Title: Civil Drones in Society: Societal and Ethics Aspects of Remotely Piloted Aircraft Systems
Authors: BOUCHER PHILIP
Publisher: Publications Office of the European Union
Publication Year: 2014
JRC N°: JRC91671
ISBN: 978-92-79-40117-6 (print)
978-92-79-40116-9 (pdf)
ISSN: 1018-5593 (print)
1831-9424 (online)
Other Identifiers: EUR 26824
OPOCE LB-NA-26824-EN-C (print)
OPOCE LB-NA-26824-EN-N (online)
URI: http://publications.jrc.ec.europa.eu/repository/handle/JRC91671
DOI: 10.2788/146
10.2788/14527
Type: EUR - Scientific and Technical Research Reports
Abstract: Remotely piloted aviation systems (RPAS) or ‘drones’ are well known for their military uses, but they could also be used for a range of civil applications for state, industrial, commercial and recreational purposes. Regulatory changes are underway which will allow their use in domestic airspace, with substantial functional and economic benefits predicted. The potential benefits of the civil drone sector for its military counterpart have also been recognised and nurtured, although concerns have been raised about European citizens rejecting civil drones because of their association with military drones, as well as some potentially controversial ‘crossover’ applications such as policing and border control. In this report, we consider this issue in detail, as well as other societal and ethics aspects the introduction of civil drones to European airspace. Exploring policy developments, consultations and research projects in Europe and third countries, we offer a critique of certain aspects of the development strategy, grounded in the concept of Responsible Research and Innovation. In doing so, we do not rely upon critique of drone technologies per se, in their neither their civil nor military guises. Rather, we seek to inform the evolution of responsible and socially beneficial civil drone development strategies. First, we introduce civil drone technology and the main applications areas anticipated. Following this, in Section 2, we describe consultation and development in Europe, the USA and Canada, with particular reference to the management of any identified societal or ethics concerns. In Section 3, we consider three such aspects in more detail in a European context: privacy and data protection, law enforcement, and representations of the relationship between civil and military drones. In Section 4 we present a discussion of what we understand about civil drones in European society, and in Section 5 we offer some recommendations along with and a brief description of further work.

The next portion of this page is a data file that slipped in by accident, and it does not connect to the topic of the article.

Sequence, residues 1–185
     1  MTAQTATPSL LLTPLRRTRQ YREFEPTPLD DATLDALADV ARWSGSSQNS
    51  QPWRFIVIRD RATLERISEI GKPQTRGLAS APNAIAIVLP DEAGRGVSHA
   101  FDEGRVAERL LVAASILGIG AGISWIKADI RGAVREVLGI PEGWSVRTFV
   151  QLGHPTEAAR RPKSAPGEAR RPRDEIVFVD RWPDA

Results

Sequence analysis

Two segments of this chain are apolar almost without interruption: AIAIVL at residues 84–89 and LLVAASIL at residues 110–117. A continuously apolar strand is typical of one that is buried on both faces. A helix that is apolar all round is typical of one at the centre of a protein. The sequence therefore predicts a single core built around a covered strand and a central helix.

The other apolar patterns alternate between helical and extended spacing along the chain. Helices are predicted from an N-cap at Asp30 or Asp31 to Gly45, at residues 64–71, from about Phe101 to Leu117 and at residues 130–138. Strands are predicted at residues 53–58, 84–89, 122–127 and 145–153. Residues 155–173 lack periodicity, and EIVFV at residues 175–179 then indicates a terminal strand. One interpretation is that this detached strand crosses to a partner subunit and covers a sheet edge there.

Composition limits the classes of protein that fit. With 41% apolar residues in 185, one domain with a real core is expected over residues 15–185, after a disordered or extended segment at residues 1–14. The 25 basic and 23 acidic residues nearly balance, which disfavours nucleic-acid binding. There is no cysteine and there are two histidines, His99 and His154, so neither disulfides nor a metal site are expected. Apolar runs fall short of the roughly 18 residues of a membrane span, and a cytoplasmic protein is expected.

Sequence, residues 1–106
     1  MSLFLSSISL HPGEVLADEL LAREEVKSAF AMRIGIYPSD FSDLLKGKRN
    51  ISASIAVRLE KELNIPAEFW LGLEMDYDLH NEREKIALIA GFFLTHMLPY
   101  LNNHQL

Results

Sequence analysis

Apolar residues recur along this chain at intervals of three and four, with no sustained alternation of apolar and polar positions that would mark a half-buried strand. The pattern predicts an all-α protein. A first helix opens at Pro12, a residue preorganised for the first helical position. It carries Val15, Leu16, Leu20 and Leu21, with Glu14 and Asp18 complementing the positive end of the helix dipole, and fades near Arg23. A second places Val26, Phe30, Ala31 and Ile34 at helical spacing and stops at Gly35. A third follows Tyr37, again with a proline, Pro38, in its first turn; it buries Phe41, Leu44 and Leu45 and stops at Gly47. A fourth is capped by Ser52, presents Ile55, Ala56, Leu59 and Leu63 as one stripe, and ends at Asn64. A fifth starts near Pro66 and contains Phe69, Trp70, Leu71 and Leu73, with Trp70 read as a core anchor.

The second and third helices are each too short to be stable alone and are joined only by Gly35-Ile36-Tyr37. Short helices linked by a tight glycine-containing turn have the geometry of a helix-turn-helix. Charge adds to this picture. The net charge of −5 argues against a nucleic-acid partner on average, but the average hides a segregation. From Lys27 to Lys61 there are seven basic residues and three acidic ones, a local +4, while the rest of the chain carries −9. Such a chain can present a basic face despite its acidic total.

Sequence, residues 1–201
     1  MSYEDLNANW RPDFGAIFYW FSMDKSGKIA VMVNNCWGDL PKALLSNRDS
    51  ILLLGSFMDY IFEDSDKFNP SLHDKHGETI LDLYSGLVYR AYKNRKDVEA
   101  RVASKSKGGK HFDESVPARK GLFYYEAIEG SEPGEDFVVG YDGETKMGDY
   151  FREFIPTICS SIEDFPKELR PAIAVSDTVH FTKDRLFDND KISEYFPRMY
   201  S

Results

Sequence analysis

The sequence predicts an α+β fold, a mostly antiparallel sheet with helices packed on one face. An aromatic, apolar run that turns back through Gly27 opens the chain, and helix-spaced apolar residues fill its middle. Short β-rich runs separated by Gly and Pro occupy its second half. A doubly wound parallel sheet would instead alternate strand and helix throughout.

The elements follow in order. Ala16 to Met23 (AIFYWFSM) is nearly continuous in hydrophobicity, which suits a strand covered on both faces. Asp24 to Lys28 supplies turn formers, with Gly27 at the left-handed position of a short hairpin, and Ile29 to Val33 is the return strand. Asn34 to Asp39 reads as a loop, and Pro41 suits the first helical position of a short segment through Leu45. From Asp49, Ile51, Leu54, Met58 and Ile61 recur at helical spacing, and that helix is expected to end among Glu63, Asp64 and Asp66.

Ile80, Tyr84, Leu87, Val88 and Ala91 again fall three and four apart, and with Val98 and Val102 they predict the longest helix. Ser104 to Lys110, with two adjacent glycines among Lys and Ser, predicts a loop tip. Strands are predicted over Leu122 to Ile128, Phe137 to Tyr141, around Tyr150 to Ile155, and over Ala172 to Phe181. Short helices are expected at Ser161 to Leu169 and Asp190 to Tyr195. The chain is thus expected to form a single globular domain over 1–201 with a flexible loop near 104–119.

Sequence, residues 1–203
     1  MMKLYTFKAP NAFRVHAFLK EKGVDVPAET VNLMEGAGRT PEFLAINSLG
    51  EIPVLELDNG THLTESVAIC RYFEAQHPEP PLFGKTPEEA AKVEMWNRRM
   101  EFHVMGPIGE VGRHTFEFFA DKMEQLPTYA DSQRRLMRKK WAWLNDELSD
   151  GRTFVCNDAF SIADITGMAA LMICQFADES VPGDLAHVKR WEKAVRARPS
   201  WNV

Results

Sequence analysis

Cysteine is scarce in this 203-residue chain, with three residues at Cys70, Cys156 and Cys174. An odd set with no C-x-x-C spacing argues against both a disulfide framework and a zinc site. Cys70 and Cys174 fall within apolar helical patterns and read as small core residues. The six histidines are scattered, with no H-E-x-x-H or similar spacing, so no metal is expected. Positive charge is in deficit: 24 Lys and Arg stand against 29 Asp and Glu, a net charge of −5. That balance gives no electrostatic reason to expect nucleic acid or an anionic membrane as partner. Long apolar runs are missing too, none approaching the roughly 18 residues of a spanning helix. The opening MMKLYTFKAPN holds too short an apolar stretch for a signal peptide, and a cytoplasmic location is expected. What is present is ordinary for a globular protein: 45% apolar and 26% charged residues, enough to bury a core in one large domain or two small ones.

JRC Directorate:Space, Security and Migration

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